Berga: Soldiers of Another War
World War II. My company… I can remember their faces just like yesterday. They went overseas and I didn’t, and some of them didn’t come back. I’ve been thinking about it for 50 years, wondering why it didn’t happen to me. That’s why I had to tell this story.
– Charles Guggenheim, Filmmaker
BERGA: SOLDIERS OF ANOTHER WAR, a documentary film revealing Nazi Holocaust atrocities inflicted on 350 American POWs “classified” as Jewish, airs on PBSWednesday, May 28, 2003, (check local listings). The 90-minute film is the final work in the long and distinguished career of the late documentary filmmaker Charles Guggenheim. The four-time Academy Award-winner wrote and directed the film, and because of his personal connection to the story, also narrated in the first person for the only time in his career.
Thousands of American GIs, including soldiers in Guggenheim’s 106th Infantry Division, were captured by the Nazis during the Battle of the Bulge. Those “identified” as Jewish — along with fellow GIs who “looked Jewish” or had“Jewish-sounding” last names — were selected to fulfill a quota and shipped off to a satellite of the notorious concentration camp at Buchenwald, where they suffered harrowing atrocities as slave laborers. Guggenheim, who had remained stateside with a debilitating infection during the final months of the war, carried with him a personal and moral obligation for more than 50 years to tell this untold story for his comrades who did not return and for those who have lived with the horror of their experience. While completing the film, Guggenheim faced a heroic battle of his own with terminal cancer. He died six weeks after the film was finished.
BERGA: SOLDIERS OF ANOTHER WAR sheds light on a little-known fact of World War II: imprisoned American GIs were forced to work alongside slave laborers from Nazi concentration camps. The film, shot entirely in black and white, tells the story through on-camera testimony by survivors and eyewitnesses, archival photographs and film, and re-enactment footage. Many scenes are recreated at original historic locations, using young East German locals to portray the American soldiers. The recreations capture the inhuman boxcar transport, slave laborers tunneling through quartz rock, brutal Nazi guards, austere prison conditions, abandoned corpses, makeshift burials in bleak and snowy fields and churchyards, the massive, forced slave labor march of prisoners away from advancing Allies and finally the GIs’ liberation.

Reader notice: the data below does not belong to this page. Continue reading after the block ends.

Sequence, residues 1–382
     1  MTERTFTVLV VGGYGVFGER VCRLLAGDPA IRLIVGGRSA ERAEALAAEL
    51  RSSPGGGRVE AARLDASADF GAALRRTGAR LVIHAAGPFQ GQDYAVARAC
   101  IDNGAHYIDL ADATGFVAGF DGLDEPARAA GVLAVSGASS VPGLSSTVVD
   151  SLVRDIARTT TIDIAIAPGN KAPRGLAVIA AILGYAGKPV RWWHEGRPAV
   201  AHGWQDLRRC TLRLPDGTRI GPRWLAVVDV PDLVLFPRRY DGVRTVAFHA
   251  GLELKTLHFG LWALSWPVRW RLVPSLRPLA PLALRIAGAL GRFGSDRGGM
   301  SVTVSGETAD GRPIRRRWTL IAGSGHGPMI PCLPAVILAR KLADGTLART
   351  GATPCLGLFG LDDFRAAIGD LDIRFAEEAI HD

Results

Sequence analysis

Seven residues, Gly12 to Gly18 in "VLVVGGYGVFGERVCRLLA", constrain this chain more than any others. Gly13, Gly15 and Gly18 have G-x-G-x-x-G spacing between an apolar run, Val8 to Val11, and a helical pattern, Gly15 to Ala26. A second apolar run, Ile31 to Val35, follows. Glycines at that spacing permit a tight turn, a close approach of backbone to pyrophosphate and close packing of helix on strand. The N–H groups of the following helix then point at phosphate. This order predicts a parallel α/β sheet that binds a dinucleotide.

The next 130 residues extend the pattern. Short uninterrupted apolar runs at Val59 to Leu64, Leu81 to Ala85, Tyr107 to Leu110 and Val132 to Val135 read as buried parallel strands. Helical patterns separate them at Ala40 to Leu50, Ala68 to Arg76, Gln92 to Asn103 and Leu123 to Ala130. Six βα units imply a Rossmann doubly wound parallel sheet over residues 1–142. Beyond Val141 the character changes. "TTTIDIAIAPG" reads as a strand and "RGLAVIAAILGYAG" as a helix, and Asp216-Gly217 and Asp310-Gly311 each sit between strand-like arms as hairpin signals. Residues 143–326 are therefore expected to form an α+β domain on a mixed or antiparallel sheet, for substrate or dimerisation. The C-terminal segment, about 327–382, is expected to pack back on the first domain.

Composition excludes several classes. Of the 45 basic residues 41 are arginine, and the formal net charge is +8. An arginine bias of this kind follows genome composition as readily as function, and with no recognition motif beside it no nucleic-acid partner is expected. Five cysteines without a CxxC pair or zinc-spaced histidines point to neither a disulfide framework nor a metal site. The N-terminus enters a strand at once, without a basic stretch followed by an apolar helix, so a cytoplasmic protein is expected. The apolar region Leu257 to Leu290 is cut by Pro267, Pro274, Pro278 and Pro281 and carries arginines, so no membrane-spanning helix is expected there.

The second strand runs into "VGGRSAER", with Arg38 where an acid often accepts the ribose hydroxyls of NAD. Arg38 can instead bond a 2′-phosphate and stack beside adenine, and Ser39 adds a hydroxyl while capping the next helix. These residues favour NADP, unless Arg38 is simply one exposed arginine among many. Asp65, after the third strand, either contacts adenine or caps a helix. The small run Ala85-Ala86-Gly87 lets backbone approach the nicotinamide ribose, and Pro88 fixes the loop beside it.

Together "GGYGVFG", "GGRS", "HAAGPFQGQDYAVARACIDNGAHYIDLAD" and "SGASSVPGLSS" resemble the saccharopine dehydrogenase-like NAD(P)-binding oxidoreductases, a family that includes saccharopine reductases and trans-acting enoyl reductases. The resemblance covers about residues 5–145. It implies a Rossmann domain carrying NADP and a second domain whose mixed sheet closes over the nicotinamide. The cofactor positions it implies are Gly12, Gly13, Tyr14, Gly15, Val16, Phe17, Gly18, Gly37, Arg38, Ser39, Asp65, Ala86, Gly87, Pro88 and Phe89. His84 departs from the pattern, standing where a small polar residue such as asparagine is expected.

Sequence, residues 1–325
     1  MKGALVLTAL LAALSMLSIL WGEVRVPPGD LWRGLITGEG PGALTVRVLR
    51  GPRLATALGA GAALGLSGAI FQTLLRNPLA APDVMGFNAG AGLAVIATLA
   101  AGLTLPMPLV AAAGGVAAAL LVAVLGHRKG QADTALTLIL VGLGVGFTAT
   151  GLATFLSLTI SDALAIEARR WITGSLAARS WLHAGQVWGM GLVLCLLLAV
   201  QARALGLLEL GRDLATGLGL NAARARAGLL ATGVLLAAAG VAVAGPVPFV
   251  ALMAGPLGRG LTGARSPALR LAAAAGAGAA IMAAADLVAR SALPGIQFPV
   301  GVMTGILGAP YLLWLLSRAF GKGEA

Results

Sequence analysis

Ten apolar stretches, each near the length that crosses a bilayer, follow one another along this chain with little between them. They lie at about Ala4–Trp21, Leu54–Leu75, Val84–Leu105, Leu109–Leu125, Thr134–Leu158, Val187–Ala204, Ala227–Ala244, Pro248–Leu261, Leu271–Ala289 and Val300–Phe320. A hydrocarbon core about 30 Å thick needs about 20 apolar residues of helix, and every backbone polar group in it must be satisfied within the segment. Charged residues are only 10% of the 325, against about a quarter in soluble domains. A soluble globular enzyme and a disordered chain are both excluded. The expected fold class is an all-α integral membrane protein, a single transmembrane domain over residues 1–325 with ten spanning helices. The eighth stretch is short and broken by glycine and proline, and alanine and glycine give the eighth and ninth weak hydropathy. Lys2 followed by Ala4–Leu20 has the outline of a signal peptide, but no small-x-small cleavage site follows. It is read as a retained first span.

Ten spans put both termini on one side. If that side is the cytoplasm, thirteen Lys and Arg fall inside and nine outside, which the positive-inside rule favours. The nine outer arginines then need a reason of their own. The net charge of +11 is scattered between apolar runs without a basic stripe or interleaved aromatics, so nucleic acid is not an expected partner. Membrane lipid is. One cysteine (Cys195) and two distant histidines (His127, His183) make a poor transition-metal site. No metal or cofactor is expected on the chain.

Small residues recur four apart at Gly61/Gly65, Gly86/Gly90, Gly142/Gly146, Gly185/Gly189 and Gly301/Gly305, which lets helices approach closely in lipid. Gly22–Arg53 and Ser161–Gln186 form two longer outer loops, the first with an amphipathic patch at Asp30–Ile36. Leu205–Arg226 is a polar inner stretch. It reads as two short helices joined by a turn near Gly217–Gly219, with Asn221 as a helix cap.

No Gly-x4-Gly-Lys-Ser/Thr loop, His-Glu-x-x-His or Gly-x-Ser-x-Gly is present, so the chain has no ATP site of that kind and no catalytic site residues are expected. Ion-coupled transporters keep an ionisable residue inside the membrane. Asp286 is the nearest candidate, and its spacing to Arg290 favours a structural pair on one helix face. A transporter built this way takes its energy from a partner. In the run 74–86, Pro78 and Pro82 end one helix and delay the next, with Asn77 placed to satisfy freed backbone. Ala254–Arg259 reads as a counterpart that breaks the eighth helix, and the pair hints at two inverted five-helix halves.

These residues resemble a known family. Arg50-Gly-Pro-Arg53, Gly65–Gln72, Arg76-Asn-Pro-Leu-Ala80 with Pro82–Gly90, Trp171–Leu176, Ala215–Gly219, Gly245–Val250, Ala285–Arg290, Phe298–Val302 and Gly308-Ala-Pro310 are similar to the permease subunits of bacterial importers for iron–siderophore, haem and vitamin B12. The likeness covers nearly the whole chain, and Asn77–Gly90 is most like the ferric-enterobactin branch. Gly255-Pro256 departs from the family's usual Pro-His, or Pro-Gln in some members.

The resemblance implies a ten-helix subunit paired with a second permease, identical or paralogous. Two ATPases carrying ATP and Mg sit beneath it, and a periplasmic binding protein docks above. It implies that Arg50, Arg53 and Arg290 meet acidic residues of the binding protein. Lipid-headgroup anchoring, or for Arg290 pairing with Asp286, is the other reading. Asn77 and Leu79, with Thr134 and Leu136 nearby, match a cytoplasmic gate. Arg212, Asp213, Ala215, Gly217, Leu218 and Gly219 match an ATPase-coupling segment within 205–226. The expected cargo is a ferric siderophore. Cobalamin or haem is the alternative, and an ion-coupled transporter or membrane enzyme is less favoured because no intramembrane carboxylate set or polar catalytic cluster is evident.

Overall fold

After the war, Guggenheim tried to locate a friend from the 106th Division, but discovered he had died in captivity in a German salt mine. The salt mine turned out to be the slave labor camp at Berga, a small town in eastern Germany. After two-and-a-half years of extensive research, Guggenheim found 124 survivors and witnesses. Forty agreed to be interviewed. Many revealed that they had repressed their memories for more than 50 years and never talked about their imprisonment, not even to spouses and family members.
In December 1944, thousands of American soldiers captured during the Battle of the Bulge were transported to Stalag 9B, a prisoner-of-war camp northwest of Frankfurt, Germany. A military order commanded all Jewish soldiers to identify themselves. After the Americans refused to comply, Nazi guards selected GIs they “identified” as Jewish, thought “looked Jewish,” had “Jewish-sounding” last names or whom they classified as undesirables. Fewer than one-third of the American soldiers selected were, in fact, Jewish. Packed into railway boxcars with no food, water or toilets, they were transported further into the German countryside. Five days later, they arrived at Berga, a satellite of the concentration camp at Buchenwald.
The Americans were put to work alongside European concentration camp prisoners and forced to dig tunnels into rock cliffs that together would form an underground military factory. They were ridiculed, intimidated, beaten, denied heat, given insufficient water and fed substandard provisions. Many died of injuries, malnutrition, disease and exhaustion. Several were fatally shot by guards for no apparent reason. Some went mad.
By April 1945, as the Allies advanced, the S.S. ordered the evacuation of the camp. Surviving prisoners were marched through rain, snow and bitter cold on a 150-mile procession of death. Those unable to keep up were abandoned or shot, and those who died were buried in roadside graves or Christian church cemeteries. The nightmare finally ended on April 23, 1945, when advancing American units came upon and liberated the surviving prisoners. The war in Europe was over five weeks later.
Charles Guggenheim received 12 Academy Award nominations and won four Oscars for his films Nine From Little Rock, RFK Remembered, The Johnstown Flood and A Time for Justice. He also won the George Foster Peabody Award.
Quite an interesting program on the use of Jewish American POWs (350 taken, but according to one on the show, only 80 were actually Jewish...the rest were "suspected" as being Jewish or classified as "undesirables").